Audio options include English 5.1 DTS-HD MA, English 2.0 Descriptive Audio, and French 2.0 Dolby Digital. Subtitle options include English, English SDH, and French. The 5.1 mix is a highly aggressive and immersive. While dialogue exchanges are clear and discernible, the track really puts the film’s sound effects and score to work. For instance, the sequence in which Gomez plays with his trains is full of dominant low end activity and movement. Even the quieter moments, such as Gomez and Morticia on the couch in the cemetery, are smooth with subtle atmospherics. It’s a terrific mix and dare I say demo-worthy.

The following extras are included:

  • Optional Introduction by Barry Sonnenfeld to the Extended Version (HD – :32)
  • Filmmaker Focus: Barry Sonnenfeld on The Addams Family (HD – 16:32)
  • Archival Featurette (Upsampled SD – 7:29)

The entire Mamushka dance has been reinserted into an alternate version of the film, including additional singing by Raul Julia, which is wonderful to hear for the first time. This version also excises the brief scene of Tully informing Ms. Craven that he has another plan, which originally occurred during the Mamushka dance. It’s a matter of preference, of course, but the extended version of that scene actually improves the film. Barry Sonnenfeld offers an optional introduction to this version (via Skype), and in Filmmaker Focus, he briefly gives an overview of his experiences making the film. Although lots of great behind-the-scenes photos and information is given—including the fact the film was originally an Orion Pictures project, Sonnenfeld’s difficulties during shooting, and his love of and appreciation for the cast and crew—a documentary chronicling the film’s journey to the screen would have been wonderful. As is, it’s a nice appetizer for something bigger. The Archival Featurette features interviews with most of the main cast members and includes some behind-the-scenes footage, but not much is gained. Unfortunately, the film’s two theatrical trailers have not carried over from previous home video releases. It would also have been nice to have seen more of the film’s marketing materials, including TV spots, the teaser trailer, and the M.C. Hammer Addams Groove music video, as well as additional behind-the-scenes footage, deleted scenes, and maybe an audio commentary with Barry Sonnenfeld. A lot of this stuff is out there, of course, but oh well. Perhaps sometime down the road.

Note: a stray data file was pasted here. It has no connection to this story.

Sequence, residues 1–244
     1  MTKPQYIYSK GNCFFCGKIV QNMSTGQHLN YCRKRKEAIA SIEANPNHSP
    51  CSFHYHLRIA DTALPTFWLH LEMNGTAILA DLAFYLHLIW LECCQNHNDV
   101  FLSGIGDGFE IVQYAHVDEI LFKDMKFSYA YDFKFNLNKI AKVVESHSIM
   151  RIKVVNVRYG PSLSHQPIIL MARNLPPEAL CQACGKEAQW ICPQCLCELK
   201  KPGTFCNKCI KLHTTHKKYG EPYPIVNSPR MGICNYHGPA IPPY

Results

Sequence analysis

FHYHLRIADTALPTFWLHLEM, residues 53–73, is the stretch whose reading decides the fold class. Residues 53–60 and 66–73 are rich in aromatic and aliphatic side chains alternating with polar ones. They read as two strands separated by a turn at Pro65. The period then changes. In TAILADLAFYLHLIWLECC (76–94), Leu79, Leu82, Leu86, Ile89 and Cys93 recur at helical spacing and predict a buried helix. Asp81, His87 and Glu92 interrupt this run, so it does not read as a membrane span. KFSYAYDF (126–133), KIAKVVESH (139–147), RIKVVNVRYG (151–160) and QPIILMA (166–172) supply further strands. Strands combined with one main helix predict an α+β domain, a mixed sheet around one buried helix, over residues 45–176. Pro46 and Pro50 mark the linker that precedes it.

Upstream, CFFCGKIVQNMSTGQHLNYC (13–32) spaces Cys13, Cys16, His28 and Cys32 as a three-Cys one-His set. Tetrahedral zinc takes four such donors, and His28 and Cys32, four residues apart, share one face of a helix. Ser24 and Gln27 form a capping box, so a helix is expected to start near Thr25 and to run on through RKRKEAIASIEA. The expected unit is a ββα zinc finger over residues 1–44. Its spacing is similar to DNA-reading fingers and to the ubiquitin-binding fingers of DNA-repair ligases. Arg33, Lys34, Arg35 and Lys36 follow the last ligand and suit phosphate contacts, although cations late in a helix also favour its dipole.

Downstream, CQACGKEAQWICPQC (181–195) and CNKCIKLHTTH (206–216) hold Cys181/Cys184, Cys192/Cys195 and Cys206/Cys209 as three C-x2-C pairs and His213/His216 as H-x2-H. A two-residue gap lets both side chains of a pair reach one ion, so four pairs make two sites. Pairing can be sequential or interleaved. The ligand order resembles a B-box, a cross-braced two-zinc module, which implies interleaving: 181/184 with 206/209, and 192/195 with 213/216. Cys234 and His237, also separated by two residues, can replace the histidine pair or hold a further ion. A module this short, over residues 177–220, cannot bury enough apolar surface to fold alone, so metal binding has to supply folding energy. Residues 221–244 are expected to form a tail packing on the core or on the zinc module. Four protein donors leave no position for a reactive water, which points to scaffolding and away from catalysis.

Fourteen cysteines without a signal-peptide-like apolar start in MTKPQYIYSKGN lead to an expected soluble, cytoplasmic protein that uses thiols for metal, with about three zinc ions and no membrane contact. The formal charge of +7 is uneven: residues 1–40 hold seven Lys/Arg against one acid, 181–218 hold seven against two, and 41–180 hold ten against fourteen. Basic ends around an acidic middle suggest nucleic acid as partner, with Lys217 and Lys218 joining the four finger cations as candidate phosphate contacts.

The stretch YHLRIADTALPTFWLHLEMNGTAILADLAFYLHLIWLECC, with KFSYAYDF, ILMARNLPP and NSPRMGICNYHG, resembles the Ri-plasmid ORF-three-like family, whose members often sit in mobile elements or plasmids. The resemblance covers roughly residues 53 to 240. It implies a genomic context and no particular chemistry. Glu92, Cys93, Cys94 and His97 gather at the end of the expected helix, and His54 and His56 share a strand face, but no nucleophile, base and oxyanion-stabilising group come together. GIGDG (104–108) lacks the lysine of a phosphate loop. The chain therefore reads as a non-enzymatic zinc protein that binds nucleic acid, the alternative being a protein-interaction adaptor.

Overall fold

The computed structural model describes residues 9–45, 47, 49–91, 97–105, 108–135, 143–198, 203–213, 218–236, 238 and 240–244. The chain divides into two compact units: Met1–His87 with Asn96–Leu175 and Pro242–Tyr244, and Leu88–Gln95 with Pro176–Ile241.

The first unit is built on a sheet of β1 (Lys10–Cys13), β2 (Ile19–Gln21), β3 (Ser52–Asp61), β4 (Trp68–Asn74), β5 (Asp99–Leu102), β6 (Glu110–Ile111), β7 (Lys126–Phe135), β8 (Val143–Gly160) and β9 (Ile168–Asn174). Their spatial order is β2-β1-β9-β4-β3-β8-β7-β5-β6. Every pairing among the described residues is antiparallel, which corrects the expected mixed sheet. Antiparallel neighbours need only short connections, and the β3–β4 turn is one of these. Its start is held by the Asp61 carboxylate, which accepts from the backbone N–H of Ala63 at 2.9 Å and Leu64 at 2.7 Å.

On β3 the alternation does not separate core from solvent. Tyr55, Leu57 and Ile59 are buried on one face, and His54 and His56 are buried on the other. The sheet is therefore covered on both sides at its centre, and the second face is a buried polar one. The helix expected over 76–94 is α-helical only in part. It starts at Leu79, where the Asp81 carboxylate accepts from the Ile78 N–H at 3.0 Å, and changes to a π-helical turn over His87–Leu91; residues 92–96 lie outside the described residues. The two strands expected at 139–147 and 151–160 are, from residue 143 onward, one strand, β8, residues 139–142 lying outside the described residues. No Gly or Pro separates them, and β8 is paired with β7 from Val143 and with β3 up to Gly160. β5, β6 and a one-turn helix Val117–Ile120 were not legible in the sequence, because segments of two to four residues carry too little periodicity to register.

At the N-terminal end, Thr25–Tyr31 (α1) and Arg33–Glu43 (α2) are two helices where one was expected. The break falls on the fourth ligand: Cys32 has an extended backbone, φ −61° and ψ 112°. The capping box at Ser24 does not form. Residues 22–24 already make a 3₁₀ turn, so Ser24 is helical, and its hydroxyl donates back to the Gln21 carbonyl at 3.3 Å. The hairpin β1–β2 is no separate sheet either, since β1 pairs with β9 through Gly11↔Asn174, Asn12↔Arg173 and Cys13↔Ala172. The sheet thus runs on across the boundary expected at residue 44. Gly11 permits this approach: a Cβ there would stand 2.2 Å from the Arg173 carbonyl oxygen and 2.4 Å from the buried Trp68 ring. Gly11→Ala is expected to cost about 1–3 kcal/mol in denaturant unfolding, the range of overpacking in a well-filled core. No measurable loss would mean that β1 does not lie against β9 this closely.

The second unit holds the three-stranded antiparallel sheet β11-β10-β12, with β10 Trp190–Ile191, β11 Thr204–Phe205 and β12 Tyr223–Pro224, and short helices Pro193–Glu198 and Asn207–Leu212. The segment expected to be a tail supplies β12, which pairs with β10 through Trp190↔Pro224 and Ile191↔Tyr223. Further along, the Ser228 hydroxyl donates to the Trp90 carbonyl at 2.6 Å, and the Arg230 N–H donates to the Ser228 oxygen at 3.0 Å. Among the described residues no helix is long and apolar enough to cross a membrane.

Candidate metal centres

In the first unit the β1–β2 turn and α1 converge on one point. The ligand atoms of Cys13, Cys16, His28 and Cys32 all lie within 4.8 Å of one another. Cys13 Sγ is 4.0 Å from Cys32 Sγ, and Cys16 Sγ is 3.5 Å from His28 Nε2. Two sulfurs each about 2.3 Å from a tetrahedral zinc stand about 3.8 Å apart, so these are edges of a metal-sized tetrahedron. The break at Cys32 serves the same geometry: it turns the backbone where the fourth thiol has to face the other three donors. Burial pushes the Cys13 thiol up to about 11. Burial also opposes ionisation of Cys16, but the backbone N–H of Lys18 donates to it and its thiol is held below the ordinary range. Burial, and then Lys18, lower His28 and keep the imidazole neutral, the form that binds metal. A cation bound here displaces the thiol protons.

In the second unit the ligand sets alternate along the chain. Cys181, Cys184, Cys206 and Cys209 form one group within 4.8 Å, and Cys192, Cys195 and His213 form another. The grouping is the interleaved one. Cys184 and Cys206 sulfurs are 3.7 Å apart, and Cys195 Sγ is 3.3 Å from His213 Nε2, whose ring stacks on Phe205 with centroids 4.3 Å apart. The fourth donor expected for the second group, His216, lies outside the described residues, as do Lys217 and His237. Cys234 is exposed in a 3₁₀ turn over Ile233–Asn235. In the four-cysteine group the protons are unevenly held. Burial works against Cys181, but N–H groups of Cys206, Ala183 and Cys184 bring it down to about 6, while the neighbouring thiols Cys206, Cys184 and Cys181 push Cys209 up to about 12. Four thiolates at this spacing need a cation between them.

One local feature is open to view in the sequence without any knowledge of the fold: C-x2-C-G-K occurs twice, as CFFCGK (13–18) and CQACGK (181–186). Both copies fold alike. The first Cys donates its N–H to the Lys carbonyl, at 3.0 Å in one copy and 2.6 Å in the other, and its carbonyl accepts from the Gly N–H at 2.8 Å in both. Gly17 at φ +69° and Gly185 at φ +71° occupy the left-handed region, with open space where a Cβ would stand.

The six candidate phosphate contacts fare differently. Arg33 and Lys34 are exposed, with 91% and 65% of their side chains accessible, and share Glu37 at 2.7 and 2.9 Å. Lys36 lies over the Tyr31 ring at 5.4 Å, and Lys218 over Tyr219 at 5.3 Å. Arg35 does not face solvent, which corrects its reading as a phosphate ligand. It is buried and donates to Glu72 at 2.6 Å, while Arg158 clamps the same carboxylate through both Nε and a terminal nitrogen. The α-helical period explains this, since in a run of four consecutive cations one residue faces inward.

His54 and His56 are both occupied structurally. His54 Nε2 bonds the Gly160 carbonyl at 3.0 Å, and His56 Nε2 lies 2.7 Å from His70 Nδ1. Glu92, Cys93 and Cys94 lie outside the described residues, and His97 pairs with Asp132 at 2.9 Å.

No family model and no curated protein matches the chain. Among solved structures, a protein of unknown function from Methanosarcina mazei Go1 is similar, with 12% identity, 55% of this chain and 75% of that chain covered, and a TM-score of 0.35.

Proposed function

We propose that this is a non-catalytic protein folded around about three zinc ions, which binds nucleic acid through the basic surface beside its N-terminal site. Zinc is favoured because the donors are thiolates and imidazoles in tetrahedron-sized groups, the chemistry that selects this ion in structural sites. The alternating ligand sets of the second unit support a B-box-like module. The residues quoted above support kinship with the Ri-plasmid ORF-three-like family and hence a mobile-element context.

This Ultra HD disc sits in a black amaray case with a Digital code on a paper insert and new artwork, the latter used for the accompanying slipcover. The Blu-ray presentation of the film is not included in this package.

Though it would have made more sense to release a 2-pack featuring both of The Addams Family films, this 4K UHD of the first boasts a lovely and organic image, with a dynamic soundtrack and a couple of interesting extras (even if more content would be preferable). All in all, this is a terrific upgrade.

- Tim Salmons